The News Desk is a collection of news, notes and breaking items affecting the Fredericksburg community.
Celebrate Virginia, Stafford storage firm file against slavery museum
BY CHELYEN DAVIS
Celebrate Virginia is asking a Richmond bankruptcy judge to force Doug Wilder’s U.S. National Slavery Museum to liquidate.
And Hilldrup Cos. in Stafford County wants the same judge to force the museum to pay for months of storage of artifacts and office equipment.
The two filings this week are the latest in the saga of former Gov. Wilder’s slavery museum, which filed for bankruptcy last year with debts of about $7 million.
Celebrate Virginia donated the land—38 acres—to the museum a decade ago. It was supposed to house the museum building and gardens, and was subject to a deed restriction that requires the land to be used for an African–American history museum.
But nothing has been built, and now the land is overgrown with weeds and neglected.
In court documents, Celebrate Virginia says the museum has “severely diminished” the property’s value, from about $19 million when donated to $7.6 million today.
Celebrate Virginia says that it donated the land free of liens or other encumbrances, but by now the museum has allowed liens and debts to accumulate. The museum owes Pei Partnership Architects several million dollars and interest continues to accrue, and the museum also owes the city of Fredericksburg about $260,000 in unpaid real-estate taxes.
Under bankruptcy law, a creditor can make a case for converting a bankruptcy from Chapter 11 reorganization, which is what the museum is trying to do, to Chapter 7 liquidation if it can show the debtor’s actions caused “substantial or continuing loss to or diminution of the estate” without a “reasonable likelihood of rehabilitation.” The law also allows for liquidation if there is “gross mismanagement of the estate.”
Celebrate Virginia also notes that the land is the museum’s only real asset, and would be the only source of recovery for creditors.
“As a party in interest with vested rights in the property, Celebrate VA should not be compelled to sit idly by while the debtor allows its most valuable asset to continue to lose value and to deteriorate—conversion or dismissal would solve these problems and force action,” the company argued in court documents.
The museum’s lawyer, Sandra Robinson, has filed a reorganization plan that promises to repay all creditors over several years, based on an expectation that when the museum resumes fundraising, it can raise more than $900,000 a year.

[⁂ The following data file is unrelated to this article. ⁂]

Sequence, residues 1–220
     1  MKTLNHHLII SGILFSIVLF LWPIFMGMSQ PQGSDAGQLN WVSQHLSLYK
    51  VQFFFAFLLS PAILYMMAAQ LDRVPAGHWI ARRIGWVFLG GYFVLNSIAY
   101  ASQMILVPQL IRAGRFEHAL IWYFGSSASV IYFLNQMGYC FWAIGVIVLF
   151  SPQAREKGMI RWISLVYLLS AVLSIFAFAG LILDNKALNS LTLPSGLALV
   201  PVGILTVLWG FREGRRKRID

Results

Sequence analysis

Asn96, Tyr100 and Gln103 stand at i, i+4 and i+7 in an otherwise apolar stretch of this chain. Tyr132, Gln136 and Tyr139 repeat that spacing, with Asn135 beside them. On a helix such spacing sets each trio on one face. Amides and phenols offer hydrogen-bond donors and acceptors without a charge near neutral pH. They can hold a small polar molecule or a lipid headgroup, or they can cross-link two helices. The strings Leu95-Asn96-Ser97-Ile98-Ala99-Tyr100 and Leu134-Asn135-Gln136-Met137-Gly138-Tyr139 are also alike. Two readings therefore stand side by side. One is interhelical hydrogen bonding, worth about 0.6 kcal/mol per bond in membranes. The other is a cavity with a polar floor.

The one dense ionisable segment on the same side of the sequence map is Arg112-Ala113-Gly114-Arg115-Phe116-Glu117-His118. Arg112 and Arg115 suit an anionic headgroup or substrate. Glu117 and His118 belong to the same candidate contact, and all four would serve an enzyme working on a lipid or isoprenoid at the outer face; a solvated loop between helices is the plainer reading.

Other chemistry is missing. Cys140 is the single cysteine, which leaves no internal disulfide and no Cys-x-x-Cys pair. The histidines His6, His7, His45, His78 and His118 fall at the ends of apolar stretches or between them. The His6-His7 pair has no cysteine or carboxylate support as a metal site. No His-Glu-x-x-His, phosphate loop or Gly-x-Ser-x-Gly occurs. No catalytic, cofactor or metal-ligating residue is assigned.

But the museum went into debt in the first place because fundraising dried up, dropping to just about $45,000 in 2008, down from a 2005 high of $940,000. Its director left in 2008 and since then, the museum has essentially been inactive.
Two weeks ago, Jeffrey Scharf of Taxing Authority Consulting Services, who is representing the city in the case, filed documents objecting to the museum’s reorganization plan. He argued that it is not feasible and expressed doubts about the museum’s ability to raise enough money to operate and repay creditors.
Early in the case, Scharf had suggested moving the case to Chapter 7, but he withdrew that to let the museum try to reorganize.
Hilldrup, a moving and storage company in Stafford, also filed documents in court this week, seeking repayment for months of unpaid storage. According to those documents, Hilldrup agreed to reduce its storage fees for the museum back in 2004, and in that year the museum began storing artifacts and office equipment in a storage unit in Stafford.
The Hilldrup filing doesn’t specifically identify what is stored, but it might answer the question of what happened to historical artifacts that were donated to the museum for display.
Several people who donated items—including Suffolk resident Therbia Parker Sr., who provided slavery artifacts that he estimated were worth about $75,000—have questioned what has happened to those artifacts. Parker has tried to get Wilder to answer that question, with little success.
If the museum doesn’t come into being, the terms of Parker’s gift state that the artifacts go back to him.
The museum stored five pallets of items at Hilldrup’s facility. Since the museum filed for bankruptcy last year, Hilldrup has tried several times to get the museum to work out a payment arrangement or remove its items.
In January, according to the documents, two pallets of unspecified items were removed and taken to the L. Douglas Wilder Library. The documents don’t specify where that is, but there is an L. Douglas Wilder Library and Learning Resource Center at Virginia Union University in Richmond.
Between months of unpaid storage, and the costs to move some items to the library, Hilldrup is owed $1,770 since the museum filed bankruptcy. The company wants the court to compel the museum to remove its items and pay the debt, so it can rent the storage unit to another customer.
The filings from Hilldrup and from Celebrate Virginia will be taken up by Judge Douglas O. Tice Jr. at the museum’s next scheduled bankruptcy hearing June 27 in Richmond.
Chelyen Davis: 540/368-5028